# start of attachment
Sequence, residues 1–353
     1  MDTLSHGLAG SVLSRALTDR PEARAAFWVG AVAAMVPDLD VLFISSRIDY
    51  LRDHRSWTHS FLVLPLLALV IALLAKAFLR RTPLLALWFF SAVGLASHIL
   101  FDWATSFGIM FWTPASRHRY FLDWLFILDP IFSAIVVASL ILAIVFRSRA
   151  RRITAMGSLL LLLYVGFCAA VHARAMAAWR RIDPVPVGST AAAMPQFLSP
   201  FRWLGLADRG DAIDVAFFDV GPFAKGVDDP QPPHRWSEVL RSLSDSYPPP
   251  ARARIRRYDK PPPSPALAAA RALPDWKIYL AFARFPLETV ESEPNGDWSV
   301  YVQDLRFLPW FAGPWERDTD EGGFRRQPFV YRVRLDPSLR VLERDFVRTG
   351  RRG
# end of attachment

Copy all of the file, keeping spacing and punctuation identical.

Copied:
Sequence, residues 1–353
     1  MDTLSHGLAG SVLSRALTDR PEARAAFWVG AVAAMVPDLD VLFISSRIDY
    51  LRDHRSWTHS FLVLPLLALV IALLAKAFLR RTPLLALWFF SAVGLASHIL
   101  FDWATSFGIM FWTPASRHRY FLDWLFILDP IFSAIVVASL ILAIVFRSRA
   151  RRITAMGSLL LLLYVGFCAA VHARAMAAWR RIDPVPVGST AAAMPQFLSP
   201  FRWLGLADRG DAIDVAFFDV GPFAKGVDDP QPPHRWSEVL RSLSDSYPPP
   251  ARARIRRYDK PPPSPALAAA RALPDWKIYL AFARFPLETV ESEPNGDWSV
   301  YVQDLRFLPW FAGPWERDTD EGGFRRQPFV YRVRLDPSLR VLERDFVRTG
   351  RRG